“Super-eruption”


The “super-eruption” of the Toba volcano in Sumatra some 74,000 years ago was the largest volcanic event to have occurred in the last two million years and the ash thrown up high into the atmosphere by that cataclysmic explosion reached India too, said Ravi Korisettar of the Department of History and Archaeology at Karnatak University in Dharwad, Karnataka.

During five years of excavations at Jwalapuram, Indian, British, and Australians scientists unearthed fine stone flakes that had been turned into tools for various purposes.

The stone tools were to be found in layers of earth above as well as below the fine ash from the Toba super-eruption, the scientists noted in a paper published in the latest issue of the journal Science.
“Volcanic winter”


It had been thought that the vast amounts of volcanic ash flung into the atmosphere by the eruption could have blocked sunlight and produced a “volcanic winter” that decimated the humans living then. But the evidence from the Jwalapuram excavations, however, suggests that the volcanic eruption did not have such a catastrophic impact on the early human population there.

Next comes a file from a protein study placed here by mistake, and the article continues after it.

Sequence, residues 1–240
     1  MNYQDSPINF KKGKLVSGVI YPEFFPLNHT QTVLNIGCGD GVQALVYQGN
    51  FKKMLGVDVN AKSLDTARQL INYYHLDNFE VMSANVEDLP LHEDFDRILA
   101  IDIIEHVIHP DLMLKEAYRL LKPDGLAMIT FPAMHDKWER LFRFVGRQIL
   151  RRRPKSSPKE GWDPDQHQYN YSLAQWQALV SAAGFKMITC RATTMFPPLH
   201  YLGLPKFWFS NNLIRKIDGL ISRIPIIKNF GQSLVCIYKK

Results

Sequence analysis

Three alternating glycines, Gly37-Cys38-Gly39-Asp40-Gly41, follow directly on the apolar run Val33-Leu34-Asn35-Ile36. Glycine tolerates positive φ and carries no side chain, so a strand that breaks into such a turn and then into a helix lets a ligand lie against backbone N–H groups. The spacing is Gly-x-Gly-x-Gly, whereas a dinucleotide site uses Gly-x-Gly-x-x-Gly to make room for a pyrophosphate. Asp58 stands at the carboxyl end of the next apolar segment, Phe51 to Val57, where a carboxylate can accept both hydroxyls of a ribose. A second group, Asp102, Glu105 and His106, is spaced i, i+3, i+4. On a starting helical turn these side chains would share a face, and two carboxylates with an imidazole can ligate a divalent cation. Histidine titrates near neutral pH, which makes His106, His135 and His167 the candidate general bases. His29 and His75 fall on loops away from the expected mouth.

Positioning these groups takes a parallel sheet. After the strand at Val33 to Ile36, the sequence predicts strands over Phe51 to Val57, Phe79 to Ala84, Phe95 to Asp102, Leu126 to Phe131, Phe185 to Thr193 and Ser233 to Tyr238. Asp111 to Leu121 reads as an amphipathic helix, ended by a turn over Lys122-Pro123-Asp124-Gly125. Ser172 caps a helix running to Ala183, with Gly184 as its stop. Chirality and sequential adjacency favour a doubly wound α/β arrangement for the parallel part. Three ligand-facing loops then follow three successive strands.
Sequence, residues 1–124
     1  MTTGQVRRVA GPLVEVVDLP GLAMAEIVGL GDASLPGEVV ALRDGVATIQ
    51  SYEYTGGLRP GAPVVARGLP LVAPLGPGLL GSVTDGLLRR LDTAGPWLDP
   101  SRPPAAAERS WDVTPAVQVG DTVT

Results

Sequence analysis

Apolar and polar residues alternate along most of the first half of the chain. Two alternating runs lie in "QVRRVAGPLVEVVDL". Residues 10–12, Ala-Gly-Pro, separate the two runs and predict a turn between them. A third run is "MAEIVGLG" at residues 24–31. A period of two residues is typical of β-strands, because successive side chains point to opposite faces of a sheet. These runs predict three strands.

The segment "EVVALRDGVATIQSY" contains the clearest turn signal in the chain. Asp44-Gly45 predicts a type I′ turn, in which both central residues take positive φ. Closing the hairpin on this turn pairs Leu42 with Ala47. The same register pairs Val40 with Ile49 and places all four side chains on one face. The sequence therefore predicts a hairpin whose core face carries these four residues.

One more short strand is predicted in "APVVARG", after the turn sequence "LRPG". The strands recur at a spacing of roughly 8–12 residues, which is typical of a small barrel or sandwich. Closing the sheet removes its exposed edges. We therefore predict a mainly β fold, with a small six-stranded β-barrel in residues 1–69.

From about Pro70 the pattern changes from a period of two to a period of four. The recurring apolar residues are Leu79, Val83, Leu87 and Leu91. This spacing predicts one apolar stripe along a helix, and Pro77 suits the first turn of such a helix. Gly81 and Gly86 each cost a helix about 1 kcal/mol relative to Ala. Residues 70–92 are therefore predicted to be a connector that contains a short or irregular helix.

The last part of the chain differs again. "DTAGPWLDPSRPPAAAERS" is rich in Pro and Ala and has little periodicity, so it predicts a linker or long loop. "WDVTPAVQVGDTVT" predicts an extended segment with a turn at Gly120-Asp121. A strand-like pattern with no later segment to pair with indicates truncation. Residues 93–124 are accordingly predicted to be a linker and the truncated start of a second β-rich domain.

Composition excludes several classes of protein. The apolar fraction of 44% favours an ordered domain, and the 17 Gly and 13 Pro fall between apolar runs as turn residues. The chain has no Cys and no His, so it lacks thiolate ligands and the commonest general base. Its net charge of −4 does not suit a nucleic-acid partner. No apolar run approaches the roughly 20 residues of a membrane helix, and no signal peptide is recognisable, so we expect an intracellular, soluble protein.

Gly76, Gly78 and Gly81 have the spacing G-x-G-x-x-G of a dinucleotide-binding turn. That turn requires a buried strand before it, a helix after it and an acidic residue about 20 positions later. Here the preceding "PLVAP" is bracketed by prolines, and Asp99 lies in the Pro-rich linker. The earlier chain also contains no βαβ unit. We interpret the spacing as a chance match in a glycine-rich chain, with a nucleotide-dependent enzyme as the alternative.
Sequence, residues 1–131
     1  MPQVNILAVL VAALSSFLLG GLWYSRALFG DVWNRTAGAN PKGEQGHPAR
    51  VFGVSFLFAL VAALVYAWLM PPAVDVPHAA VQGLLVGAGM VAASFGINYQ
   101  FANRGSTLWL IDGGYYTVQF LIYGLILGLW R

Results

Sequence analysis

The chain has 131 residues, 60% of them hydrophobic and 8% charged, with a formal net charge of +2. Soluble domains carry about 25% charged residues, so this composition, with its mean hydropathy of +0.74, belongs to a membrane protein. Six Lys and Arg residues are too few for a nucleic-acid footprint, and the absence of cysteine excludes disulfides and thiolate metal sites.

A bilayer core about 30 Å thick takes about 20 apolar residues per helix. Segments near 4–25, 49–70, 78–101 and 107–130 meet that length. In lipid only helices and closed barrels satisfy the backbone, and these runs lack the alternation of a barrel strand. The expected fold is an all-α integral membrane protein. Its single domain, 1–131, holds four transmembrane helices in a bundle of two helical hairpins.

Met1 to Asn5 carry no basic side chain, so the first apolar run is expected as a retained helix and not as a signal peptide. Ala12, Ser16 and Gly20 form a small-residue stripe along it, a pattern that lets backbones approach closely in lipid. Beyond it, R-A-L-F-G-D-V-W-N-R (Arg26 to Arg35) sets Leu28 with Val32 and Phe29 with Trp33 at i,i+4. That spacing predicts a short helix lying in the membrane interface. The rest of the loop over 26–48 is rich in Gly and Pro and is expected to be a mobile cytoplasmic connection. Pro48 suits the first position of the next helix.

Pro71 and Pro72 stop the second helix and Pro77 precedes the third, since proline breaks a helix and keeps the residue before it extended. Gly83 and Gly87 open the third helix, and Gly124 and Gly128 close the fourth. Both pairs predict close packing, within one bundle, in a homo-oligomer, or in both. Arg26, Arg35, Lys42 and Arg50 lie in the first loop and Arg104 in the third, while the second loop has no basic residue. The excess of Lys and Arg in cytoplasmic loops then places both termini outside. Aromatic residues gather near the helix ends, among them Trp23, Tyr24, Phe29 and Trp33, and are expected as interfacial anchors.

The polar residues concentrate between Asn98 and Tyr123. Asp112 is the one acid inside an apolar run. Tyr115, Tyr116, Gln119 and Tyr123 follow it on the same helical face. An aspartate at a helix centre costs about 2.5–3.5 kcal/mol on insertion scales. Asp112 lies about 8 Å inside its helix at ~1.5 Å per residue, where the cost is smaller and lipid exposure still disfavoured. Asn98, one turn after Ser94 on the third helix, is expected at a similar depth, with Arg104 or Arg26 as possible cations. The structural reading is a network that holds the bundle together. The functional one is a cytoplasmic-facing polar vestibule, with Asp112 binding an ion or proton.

Stone tools


The stone tools also pointed to a more exciting possibility. The stone tool assemblages found in Jwalapuram were “very similar to ones that we see produced in Africa at the same time,” said Michael Petraglia of the Leverhulme Centre for Human Evolutionary Studies at the University of Cambridge in the U.K, the first author of the paper.

Those stone tools in Africa had been produced by modern humans.
“Closer affinities”


In the Science paper, the researchers noted that the techniques used for making the stone tools at Jwalapuram suggested “closer affinities” to African Middle Stone Ages traditions than to contemporaneous Eurasian ones. T his finding is significant because genetic studies of tell-tale patterns in the DNA of people living in various parts of the world have supported the view that all modern humans arose in Africa.